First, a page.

Initial In Situ Construction

Locating a lunar lava tube may well be one of the first stages of setting up a lunar base site. Lava tubes can provide the most expedient and economical way of starting an indigenous lunar architecture. Terrestrial lava tubes are the best design model for exploring the development of appropriate life-supporting environments in lunar lava tubes. Either at the initial stage or in the following phases of lunar base construction, locating and utilizing lava tubes can be of great value. An immediate construction system for the lunar base, after the initial camp setup, can utilize unprocessed lunar resources in a non-mechanized construction system. This system uses existing rocks of different sizes and dry-pack techniques. The low gravity field and higher rock fracture strength give added advantages for larger spans of corbelling and leaning-arch earth-structure systems. Meteoroid and/or indigenous rock structures covered with lunar soil for radiation and thermal shielding can provide immediate, non- life-supporting shelters. Structures built with the same techniques can be fitted with an airtight fabric mesh for human habitation (Blacic, 1984).

Paving and Lunar Dust Stabilization

The lunar soil, with a particle size of about 70 microns, which adheres to everything and chums up with vehicular traffic, needs to be stabilized (Carrier and Mitchell, 1976). Fusion of the top layers of lunar soil with focused sunlight can form a magma-lava crust to arrest unstable lunar dust. Spacecraft landing pads, vehicular traffic roads, and pedestrian walkways can be paved with solar heat by on-spot fusion of the top layers, penetrating to desirable depth. Unprocessed lunar soil can be fused by solar energy via a manual or automatic and remote control "paving" vehicle. Inappropriate regolith areas can be topped with a layer of appropriate lunar soil before its fusion. For low temperature fusion, lunar fluxes can be sprayed on top of the soil prior to introducing solar heat. Paving surfaces of heavier traffic areas can be constructed from composites fused to ceramic and stoneware consistency with desired colors and textures. As a general rule, it is the use of the universal principles of the terrestrial element of fire (heat) — the solar rays — that must be thought of at the forefront of mediums and materials for planetary base design and construction. Adhering to the philosophy of the use of local resources, human skills, and solar energy, we can achieve our quests on the Moon, Mars, and beyond. We must learn from the accumulated human knowledge of earth-architecture, which has sheltered humans in the harshest conditions. Each person going to the Moon, regardless of his or her work, must be aware of these fundamental principles and techniques to participate in creating an indigenous architecture to form their communities, not only because of economic benefit but also because of spiritual reward. As an old Persian saying goes, "Every man and woman is born a doctor and a builder — to heal and shelter himself."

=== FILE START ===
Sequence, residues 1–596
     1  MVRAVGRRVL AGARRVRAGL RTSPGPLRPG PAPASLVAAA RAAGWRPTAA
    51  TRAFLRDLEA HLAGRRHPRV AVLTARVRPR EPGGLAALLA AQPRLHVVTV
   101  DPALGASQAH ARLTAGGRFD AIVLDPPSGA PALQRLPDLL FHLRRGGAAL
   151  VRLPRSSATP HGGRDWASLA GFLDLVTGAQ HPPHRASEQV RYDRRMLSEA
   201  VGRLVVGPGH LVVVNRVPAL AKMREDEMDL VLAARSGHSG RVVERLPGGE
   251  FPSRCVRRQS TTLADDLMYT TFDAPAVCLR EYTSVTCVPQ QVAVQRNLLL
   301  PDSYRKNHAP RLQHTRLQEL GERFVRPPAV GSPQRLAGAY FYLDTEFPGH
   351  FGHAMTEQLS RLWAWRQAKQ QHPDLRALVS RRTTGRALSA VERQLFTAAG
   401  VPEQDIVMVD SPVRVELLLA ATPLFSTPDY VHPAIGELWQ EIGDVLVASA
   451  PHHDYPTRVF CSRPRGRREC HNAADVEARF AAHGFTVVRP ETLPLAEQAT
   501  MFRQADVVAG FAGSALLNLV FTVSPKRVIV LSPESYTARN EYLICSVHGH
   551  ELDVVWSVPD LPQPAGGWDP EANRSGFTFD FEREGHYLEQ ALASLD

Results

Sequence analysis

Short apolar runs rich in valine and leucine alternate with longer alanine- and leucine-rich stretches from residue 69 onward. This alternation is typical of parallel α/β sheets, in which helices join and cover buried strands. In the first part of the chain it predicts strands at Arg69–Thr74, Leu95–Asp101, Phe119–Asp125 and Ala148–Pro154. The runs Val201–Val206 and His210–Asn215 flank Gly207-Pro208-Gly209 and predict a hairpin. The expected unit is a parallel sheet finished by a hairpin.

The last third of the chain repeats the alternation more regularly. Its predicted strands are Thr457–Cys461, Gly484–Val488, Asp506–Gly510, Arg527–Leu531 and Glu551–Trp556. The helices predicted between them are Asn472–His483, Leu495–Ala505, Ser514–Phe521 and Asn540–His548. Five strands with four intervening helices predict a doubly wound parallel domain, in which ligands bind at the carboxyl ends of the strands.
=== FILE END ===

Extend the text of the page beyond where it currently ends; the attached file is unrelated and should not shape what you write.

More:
Acknowledgments. The Geltaftan Group, consisting of Manouchehr Sedehi, Mahmoud Hejazi, Ezzatollah Salmanzadeh, Ali Gourang, Ostad Asghar, and A. A. Khorramshahi, supported my work in earth-and-fire developments. Eyal Perchik, Alessandra Runyon, Tsosie Tsinhnahjinnie, Steven Haines, Ellwood Pickering II, Barclay Totten, students at the Southern California Institute of Architecture, have helped advance my research work.

REFERENCES

  • Blacic J.D. (1984) Structural properties of lunar rock materials under anhydrous, hard vacuum conditions (abstract). In Papers Presented to the Symposium on Lunar Bases and Space Activities of the 21st Century, p. 76. NASA/ Johnson Space Center, Houston. Carrier W. D. III and Mitchell J. K. (1976) Geotechnical engineering on the Moon (abstract)In Lunar Science VII, Special Session Abstracts, pp. 92-95. Lunar Science Institute, Houston.
  • Criswell D. R. (editor) (1976) Lunar Science VII, Special Session Abstracts (on Lunar Utilization), pp. iii-vi. Lunar Science Institute, Houston.
  • Grodzka P. (1976) Processing lunar soil for structural materials (abstract). In Lunar Science VII, Special Session Abstracts, pp. 114-115. Lunar Science Institute, Houston.
  • Heiken G. (1976) The regolith as a source of materials (abstract). In Lunar Science VII, Special Session Abstracts, pp. 48-52. Lunar Science Institute, Houston.
  • Khalili E. N. (1986) Ceramic Houses. Harper and Row, San Francisco. In press.
  • Land P. (1984) Lunar base design (abstract). In Papers Presented to the Symposium on Lunar Bases and Space Activities of the 21st Century, p. 102. NASA/Johnson Space Center, Houston.
  • Rowley J. C. (1984) In-situ rock melting applied to lunar base construction and for exploration drilling and coring on the moon (abstract). In Papers Presented to the Symposium on Lunar Bases and Space Activities of the 2lst Century, p. 77. NASA/Johnson Space Center, Houston.
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Superadobe technology (sandbag tubes and barbed wire) was designed and developed by architect Nader Khalili and Cal-Earth Institute, and engineered by P.J. Vittore. Superadobe is a patented system (U.S. patent #5,934,027) freely put at the service of humanity and the environment. Licensing is required for commercial use.